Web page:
The report was dismissed and the defendant appealed. Apart from the matter of a new trial his argument before this court concerns only the denial of the rulings relating to the alleged defences of contributory negligence and assumption of risk. He contends that he was entitled to those defences.
The workmen's compensation act, G. L. (Ter. Ed.) c. 152, as it stood prior to 1943, applied to all employers of persons who were defined as employees by Section 1 (4), as amended by St. 1935, c. 406. It applied to all such employers regardless of the number of persons they employed. Acceptance of the provisions of the act was optional. See Alecks's Case, 301 Mass. 403 , 404, 406; Friend Brothers, Inc. v. Seaboard Surety Co. 316 Mass. 639 , 642; Opinion of the Justices, 309 Mass. 571 , 594.
If an employer did not take out compensation insurance and become subject to the administrative provisions of the act he could be sued by an injured employee either at common law or under the employers' liability act. In the event of such suit the employer was prohibited by Section 66 of the act from setting up in defence that the employee was negligent, that the injury was caused by the negligence of a fellow employee, and that the employee had assumed the risk of the injury. The provisions of Section 66 applied to all employers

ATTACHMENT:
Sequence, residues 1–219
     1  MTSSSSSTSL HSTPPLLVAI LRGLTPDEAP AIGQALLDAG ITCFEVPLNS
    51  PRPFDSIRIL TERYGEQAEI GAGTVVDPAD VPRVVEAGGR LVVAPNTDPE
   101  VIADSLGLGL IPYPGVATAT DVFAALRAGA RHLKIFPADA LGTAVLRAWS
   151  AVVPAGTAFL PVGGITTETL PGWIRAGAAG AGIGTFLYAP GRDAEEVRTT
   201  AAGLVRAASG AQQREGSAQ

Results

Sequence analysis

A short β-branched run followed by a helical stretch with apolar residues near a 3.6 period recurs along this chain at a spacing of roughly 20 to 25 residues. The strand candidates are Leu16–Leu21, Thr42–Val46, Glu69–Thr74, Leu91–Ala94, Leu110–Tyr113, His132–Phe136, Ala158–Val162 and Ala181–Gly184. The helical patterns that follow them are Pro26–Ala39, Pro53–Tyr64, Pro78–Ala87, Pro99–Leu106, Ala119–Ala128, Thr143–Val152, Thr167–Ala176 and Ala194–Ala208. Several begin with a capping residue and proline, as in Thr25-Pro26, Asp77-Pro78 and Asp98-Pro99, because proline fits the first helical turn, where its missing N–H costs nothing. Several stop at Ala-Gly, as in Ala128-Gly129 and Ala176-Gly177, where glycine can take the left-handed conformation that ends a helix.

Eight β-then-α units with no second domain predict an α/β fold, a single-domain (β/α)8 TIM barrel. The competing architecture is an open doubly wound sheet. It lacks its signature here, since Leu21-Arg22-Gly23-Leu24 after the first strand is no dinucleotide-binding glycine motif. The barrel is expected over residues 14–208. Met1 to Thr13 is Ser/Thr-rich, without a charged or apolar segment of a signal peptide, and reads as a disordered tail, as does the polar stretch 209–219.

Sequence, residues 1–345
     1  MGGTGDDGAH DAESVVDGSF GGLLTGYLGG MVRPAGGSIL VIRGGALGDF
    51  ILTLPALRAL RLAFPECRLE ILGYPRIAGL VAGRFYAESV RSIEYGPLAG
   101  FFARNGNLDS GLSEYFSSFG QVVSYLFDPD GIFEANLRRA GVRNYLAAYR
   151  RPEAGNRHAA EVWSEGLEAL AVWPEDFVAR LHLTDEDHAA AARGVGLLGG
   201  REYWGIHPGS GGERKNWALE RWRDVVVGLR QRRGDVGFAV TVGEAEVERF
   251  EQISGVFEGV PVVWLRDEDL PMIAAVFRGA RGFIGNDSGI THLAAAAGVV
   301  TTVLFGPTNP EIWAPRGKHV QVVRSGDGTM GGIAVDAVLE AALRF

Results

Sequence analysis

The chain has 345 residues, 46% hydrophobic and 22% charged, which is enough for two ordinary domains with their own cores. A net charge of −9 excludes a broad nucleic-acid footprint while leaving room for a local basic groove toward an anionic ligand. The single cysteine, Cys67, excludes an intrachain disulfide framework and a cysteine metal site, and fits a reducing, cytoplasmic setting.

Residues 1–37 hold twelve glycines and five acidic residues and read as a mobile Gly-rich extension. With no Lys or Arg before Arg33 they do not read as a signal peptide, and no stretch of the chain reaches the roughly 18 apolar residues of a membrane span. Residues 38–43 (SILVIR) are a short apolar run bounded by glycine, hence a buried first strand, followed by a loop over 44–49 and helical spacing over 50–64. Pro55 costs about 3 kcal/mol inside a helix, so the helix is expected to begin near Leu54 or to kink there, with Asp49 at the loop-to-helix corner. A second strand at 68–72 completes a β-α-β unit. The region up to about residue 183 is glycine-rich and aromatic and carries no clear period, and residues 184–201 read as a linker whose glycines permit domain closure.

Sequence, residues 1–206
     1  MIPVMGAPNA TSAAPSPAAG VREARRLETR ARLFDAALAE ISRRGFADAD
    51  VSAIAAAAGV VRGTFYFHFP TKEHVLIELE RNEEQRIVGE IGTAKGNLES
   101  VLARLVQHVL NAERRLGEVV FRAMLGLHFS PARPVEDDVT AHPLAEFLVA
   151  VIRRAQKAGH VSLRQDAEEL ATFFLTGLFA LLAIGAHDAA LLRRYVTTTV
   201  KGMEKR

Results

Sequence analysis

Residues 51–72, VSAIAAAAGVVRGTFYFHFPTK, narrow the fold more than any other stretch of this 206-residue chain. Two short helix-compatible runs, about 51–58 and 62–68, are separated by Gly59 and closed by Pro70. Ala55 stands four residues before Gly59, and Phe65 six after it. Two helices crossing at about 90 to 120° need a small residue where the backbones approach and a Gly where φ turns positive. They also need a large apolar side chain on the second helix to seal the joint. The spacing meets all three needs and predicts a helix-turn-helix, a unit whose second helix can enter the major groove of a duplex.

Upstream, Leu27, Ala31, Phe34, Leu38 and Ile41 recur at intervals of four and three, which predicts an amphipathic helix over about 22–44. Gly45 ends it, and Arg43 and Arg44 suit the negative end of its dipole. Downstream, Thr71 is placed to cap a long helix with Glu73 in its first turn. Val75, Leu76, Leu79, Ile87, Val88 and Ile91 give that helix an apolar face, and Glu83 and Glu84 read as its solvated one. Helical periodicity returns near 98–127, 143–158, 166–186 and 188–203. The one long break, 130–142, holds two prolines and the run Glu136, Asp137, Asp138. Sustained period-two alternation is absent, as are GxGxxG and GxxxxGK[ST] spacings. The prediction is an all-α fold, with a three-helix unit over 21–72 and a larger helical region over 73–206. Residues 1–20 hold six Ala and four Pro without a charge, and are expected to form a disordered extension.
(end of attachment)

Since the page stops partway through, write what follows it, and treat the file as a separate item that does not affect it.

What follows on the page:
except the employers of domestic servants and farm laborers. Such employers were specifically relieved by Section 67 from the effect of Section 66. [Note 1] The act was amended by St. 1943, c. 529, which in Section 7 made the taking out of insurance under the act compulsory. Under Section 3 of that statute changes, not here material, were made in the definition of "Employee" and the following clause was added to Section 1 (4) of the act. "The provisions of this chapter [c. 152] shall remain elective as to employers of the following: -- persons employing six or less, or persons employed as domestic servants and farm laborers, members of an employer's family dwelling in his household, and person other than laborers, workmen and mechanics employed by religious, charitable or educational institutions." The act was later amended by St. 1945, c. 369, which changed the provision relating to employers of six or less to employers of three or less, added telephone companies subject to the Federal communications act to the class of employers having the privilege of election, and struck out the provision relating to members of the employer's family.